NORTON — Whether it be physical or mental, Wise Central senior Maddox Reynolds has met every kind of pain imaginable just like he meets the hurdles — head on.

For the four-time state indoor champion, the winding road back to glory is made of cobblestone streets and has already gone over mountains as tall as High Knob three times.

“It’s been super difficult because in my sophomore year, I tore my patella and then tore my patella again in my junior year of football season,” Reynolds said. “Then near the end of last track season, I tore my patella, lateral meniscus and ACL. I’ve just had to rehab back, had the surgery and then rehabbed again.

“After the first football game where I tore my ACL and everything, I was sitting at my house in denial about my injury and I didn’t want it to be true.”

Reynolds will be one of the top featured athletes from Southwest Virginia in Friday’s 42nd Six Rivers Relays presented by Watauga Orthopaedics at Science Hill’s Kermit Tipton Stadium.

He is the top seed in the 300-meter hurdles and currently second best in the 110s.

“The journey has made me a better person,” Reynolds said. “The hard work and effort has made it so much better and so much more surreal. It’s been an awesome experience to be able to get hurt, rehab, get better, then do it all over again.”


To say that Reynolds comes from an athletically decorated family would be an understatement.

His first cousin Logan Reynolds is one of the most decorated girls basketball players in Southwest Virginia history, helping lead the Lady Warriors to VHSL Class 2A championships in 2014 and 2015. She went on to play for James Madison.

Maddox and Logan’s aunt Cristal Reynolds Meade was a track standout at Pound, finishing as state runner-up in the 200 dash in 1985 and 1986.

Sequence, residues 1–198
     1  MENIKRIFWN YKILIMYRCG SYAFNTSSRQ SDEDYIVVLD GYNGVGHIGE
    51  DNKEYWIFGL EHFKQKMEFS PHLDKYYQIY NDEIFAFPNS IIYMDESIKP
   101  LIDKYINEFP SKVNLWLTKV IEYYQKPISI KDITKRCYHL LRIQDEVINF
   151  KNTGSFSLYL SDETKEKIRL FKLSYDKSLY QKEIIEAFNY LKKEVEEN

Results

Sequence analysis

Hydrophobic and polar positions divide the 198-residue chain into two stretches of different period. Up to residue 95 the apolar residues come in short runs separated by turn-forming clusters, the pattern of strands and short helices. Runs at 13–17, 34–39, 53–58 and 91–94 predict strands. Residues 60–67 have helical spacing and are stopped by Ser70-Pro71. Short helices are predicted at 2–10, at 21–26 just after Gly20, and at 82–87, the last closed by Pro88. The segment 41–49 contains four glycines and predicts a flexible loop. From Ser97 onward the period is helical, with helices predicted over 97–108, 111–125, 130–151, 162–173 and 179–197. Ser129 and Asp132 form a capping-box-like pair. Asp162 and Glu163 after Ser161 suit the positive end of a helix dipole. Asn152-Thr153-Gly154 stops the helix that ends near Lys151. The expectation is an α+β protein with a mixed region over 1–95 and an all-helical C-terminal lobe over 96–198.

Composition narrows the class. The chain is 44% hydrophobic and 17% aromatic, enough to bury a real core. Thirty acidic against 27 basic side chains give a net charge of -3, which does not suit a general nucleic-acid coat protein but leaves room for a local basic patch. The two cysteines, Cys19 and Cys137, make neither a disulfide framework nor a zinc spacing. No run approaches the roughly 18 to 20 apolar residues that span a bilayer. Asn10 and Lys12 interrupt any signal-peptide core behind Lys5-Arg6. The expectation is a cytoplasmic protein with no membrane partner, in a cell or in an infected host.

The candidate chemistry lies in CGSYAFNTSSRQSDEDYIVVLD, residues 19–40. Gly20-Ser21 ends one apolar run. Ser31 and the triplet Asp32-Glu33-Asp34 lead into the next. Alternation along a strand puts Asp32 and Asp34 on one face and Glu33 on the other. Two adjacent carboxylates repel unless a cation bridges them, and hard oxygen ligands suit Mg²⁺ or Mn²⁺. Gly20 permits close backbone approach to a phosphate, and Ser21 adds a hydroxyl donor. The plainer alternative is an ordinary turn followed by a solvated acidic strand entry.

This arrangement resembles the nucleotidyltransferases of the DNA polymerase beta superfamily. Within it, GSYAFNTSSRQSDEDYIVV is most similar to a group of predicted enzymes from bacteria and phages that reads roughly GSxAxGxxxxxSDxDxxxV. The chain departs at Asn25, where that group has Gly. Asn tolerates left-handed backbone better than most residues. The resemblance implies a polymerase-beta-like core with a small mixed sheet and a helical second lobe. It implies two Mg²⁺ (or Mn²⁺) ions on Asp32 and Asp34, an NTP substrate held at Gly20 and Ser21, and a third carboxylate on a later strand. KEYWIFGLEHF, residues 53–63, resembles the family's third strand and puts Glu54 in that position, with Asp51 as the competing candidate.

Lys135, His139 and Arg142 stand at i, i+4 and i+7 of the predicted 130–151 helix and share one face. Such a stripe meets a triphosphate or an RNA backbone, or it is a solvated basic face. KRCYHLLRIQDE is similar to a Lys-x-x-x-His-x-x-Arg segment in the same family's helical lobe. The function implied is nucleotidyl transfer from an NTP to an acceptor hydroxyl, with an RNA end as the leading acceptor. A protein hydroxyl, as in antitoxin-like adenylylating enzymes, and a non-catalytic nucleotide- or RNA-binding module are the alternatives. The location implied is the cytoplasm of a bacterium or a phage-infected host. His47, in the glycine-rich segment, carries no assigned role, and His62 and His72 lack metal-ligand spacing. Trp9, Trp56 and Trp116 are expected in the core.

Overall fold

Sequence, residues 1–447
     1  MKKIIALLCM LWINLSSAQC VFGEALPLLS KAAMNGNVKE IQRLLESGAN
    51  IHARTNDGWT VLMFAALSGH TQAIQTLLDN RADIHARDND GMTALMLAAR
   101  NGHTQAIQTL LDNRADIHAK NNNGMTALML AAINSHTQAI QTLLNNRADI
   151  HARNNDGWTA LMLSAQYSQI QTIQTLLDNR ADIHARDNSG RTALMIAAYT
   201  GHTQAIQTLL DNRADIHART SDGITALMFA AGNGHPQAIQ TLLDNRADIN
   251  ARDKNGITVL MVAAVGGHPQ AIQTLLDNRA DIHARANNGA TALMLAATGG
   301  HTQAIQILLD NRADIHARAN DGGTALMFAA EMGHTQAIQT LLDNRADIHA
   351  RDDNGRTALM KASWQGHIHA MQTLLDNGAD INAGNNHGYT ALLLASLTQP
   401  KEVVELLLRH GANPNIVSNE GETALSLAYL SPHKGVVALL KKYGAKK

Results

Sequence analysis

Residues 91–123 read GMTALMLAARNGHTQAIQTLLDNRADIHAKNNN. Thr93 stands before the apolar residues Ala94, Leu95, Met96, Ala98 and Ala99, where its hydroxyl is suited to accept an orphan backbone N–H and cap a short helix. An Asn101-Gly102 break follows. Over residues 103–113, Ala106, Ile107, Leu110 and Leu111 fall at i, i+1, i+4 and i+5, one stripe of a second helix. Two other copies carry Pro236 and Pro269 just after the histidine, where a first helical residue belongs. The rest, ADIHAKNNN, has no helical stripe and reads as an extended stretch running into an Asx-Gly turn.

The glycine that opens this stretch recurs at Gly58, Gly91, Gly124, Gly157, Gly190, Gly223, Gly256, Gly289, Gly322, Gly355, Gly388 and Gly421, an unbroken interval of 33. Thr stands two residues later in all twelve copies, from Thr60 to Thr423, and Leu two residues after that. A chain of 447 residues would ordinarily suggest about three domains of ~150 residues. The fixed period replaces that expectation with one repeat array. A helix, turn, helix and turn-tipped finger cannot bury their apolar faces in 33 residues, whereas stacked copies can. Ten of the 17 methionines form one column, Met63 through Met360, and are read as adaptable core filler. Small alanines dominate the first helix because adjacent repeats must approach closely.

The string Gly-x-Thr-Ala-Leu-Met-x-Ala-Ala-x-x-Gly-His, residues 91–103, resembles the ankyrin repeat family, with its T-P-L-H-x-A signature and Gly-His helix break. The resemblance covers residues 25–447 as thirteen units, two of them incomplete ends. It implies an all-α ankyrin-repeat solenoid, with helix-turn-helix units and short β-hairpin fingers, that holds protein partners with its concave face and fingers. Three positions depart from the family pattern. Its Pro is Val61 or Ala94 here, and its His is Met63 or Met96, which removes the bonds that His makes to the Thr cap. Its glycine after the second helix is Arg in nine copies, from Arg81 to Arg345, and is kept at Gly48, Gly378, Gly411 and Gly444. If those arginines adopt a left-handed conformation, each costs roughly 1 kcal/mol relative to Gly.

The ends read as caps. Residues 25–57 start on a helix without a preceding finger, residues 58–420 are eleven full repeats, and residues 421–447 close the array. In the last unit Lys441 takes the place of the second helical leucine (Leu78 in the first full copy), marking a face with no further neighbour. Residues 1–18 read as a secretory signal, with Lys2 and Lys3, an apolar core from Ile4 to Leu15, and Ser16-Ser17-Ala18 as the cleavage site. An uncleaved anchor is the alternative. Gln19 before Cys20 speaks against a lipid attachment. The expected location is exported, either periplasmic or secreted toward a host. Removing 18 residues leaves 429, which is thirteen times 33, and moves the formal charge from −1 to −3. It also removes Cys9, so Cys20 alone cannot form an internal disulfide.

The 1985 Lady Wildcats were the runners-up in the team race with 38 points. Where’d the majority of the points on that squad come from?

From two-time state high jump champion Kelly Shortt Jackson, another cousin of Maddox’s.

When the family gets together, the competitive tension is so thick you’d need a butcher knife to hack through it.

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“Everything we do is competitive,” Maddox Reynolds said. “We play card games like spoons and we have people trying to rip each other’s fingers off trying to get a spoon. It’s the most competitive atmosphere and it’s driven me to this new sense of competitiveness.”


Though Reynolds has been injured the majority of his outdoor career and had his sophomore year nixed by the pandemic, he’s had a bounty of success indoors.

In fact, he’s in some rarefied air when it comes to the number of times he’s won the Class 2 55-meter hurdles.

Reynolds is one of only two athletes in VHSL history ever to win an individual indoor event four times, matching the feat that Potomac long jumper Mike Newell accomplished from 1996-1999.

“It was an …….


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